Rob wasn’t sure how to assess the sentence: “Is ‘him’ the object of ‘to’?” he asked. “Or is ‘he’ the subject of ‘who waits’?”
As Rob knows, prepositions like “to” take objects, which are always in an object form like “him” and are never subjects like “he.”
But as Rob also knows, clauses have subjects like “he.” In “He waits,” notice that a subject is doing the waiting. An object form like “him” wouldn’t work here.
Sometimes a pronoun, especially “whoever” or “whomever,” can land in a position where it appears to be doing both jobs at once. Look at “I’ll vote for whoever/whomever supports pothole repair.” Here we need an object of the preposition “for” but we also need a subject for the verb “supports.”
What to do? Actually, in this case a whole clause is functioning as an object. And that clause needs a subject. So the correct choice is “I’ll vote for whoever supports pothole repair,” in which “whoever supports pothole repair” is a whole clause serving as an object of “for.” In these situations, the subject form wins because clauses need subjects.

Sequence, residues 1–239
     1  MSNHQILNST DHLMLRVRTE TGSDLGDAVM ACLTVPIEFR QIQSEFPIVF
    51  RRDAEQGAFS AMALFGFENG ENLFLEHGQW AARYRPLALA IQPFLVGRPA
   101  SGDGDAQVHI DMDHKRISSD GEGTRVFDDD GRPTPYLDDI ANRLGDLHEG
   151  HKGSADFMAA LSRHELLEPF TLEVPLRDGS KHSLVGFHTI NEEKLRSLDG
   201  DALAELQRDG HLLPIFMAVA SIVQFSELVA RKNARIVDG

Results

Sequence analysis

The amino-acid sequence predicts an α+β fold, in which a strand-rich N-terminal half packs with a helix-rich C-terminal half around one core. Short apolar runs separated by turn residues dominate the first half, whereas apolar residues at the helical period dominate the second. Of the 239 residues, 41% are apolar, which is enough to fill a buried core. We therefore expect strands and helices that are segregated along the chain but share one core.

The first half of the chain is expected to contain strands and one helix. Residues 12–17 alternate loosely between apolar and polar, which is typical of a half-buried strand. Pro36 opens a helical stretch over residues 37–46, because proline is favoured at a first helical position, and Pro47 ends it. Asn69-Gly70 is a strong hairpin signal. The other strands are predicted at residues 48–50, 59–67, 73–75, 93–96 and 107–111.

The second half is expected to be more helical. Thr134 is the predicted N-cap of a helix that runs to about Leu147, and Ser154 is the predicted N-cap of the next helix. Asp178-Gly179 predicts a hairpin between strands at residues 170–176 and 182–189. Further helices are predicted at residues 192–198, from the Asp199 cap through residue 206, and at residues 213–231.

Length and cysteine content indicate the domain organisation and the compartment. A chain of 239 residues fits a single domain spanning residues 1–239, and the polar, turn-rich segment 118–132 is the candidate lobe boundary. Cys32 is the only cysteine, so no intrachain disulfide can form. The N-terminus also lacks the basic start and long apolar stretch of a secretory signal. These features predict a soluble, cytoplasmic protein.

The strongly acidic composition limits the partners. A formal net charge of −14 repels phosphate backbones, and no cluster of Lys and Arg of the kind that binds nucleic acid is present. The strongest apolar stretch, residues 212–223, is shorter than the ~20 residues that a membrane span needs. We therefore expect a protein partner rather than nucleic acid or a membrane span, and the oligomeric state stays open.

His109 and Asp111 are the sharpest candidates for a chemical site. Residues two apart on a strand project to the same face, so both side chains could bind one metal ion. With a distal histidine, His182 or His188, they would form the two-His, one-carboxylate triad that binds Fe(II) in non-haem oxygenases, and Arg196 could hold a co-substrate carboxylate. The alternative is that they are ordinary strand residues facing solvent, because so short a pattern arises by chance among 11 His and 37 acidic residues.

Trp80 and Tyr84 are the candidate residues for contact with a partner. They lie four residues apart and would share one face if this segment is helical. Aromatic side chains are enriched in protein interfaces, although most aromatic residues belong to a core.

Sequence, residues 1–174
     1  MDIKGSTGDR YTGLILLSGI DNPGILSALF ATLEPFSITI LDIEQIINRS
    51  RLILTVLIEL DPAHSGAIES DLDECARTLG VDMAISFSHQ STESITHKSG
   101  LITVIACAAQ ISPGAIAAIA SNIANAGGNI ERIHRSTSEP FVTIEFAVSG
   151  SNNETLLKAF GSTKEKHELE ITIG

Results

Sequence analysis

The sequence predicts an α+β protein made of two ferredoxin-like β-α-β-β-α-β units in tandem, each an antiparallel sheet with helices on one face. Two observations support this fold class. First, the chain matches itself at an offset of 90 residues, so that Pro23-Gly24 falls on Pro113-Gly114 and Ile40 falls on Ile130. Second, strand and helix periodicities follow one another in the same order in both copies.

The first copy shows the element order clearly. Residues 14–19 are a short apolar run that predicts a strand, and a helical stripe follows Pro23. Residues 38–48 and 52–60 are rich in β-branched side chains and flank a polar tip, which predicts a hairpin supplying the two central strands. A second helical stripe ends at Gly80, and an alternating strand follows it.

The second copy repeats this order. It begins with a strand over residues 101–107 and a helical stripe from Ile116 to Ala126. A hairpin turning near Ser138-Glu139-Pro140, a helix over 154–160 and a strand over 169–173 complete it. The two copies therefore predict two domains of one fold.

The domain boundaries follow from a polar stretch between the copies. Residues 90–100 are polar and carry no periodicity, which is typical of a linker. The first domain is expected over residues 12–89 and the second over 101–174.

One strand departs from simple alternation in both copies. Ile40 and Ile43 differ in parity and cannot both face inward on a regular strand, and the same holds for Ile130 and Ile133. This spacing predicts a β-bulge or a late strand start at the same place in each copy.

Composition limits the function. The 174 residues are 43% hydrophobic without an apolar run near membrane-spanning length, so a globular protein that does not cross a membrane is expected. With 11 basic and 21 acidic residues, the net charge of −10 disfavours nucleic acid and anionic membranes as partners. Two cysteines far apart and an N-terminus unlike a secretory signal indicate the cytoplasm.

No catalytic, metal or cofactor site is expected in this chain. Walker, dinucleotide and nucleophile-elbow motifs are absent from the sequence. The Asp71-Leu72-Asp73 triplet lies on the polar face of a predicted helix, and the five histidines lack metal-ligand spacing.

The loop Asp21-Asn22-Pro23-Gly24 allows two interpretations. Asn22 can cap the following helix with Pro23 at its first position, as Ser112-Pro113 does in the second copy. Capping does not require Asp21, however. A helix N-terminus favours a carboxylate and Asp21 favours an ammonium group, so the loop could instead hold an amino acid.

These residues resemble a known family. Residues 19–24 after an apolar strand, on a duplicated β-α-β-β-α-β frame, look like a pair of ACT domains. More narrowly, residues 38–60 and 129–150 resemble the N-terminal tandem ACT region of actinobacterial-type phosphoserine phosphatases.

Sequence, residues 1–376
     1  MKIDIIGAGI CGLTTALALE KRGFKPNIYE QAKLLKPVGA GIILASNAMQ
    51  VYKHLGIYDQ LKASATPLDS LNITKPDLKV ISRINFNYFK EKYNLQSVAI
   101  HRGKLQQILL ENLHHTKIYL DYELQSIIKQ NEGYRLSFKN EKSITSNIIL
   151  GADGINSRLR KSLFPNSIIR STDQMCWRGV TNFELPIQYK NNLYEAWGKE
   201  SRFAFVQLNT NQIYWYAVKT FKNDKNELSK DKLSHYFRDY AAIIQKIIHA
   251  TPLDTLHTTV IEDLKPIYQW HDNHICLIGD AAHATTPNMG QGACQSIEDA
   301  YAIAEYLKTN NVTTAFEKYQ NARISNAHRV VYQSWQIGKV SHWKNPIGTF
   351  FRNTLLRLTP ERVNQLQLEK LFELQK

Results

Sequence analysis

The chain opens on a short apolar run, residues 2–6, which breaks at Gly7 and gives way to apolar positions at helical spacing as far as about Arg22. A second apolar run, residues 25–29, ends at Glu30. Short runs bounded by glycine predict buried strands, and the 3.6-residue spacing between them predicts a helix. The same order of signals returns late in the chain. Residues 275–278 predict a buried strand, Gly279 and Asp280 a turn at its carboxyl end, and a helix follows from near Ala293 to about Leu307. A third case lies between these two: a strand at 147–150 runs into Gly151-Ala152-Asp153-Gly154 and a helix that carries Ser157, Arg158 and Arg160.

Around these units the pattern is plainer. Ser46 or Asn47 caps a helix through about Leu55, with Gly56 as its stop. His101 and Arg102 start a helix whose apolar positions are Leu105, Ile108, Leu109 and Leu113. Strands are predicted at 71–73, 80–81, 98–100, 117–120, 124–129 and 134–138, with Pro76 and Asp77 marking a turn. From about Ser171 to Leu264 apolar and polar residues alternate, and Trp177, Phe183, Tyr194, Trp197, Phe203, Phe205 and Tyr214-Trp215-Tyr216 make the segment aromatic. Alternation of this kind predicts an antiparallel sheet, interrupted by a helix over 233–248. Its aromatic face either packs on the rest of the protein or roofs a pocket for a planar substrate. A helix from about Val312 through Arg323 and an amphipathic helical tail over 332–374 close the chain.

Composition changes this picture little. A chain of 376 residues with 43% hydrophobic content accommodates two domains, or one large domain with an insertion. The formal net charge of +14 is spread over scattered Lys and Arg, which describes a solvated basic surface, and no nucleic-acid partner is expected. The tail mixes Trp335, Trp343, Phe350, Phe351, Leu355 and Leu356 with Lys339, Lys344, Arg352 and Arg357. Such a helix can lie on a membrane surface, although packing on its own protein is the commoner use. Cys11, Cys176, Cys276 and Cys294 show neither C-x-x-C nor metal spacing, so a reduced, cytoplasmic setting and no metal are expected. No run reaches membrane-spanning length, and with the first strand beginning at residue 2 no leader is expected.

But Rob’s question deals with a slightly different sentence structure. The difference is that little word “who.” In “Good things come to he/him who waits,” the subject of the verb “waits” is neither “he” nor “him.” It’s “who.” Together they form something called a relative clause, which is really a modifier of a noun or pronoun that comes before it.
The man who eats pasta. The man who wears black. The man whom I love. In all these cases, the who or whom clause is simply shedding more light on the noun “man.” That’s what relative clauses do.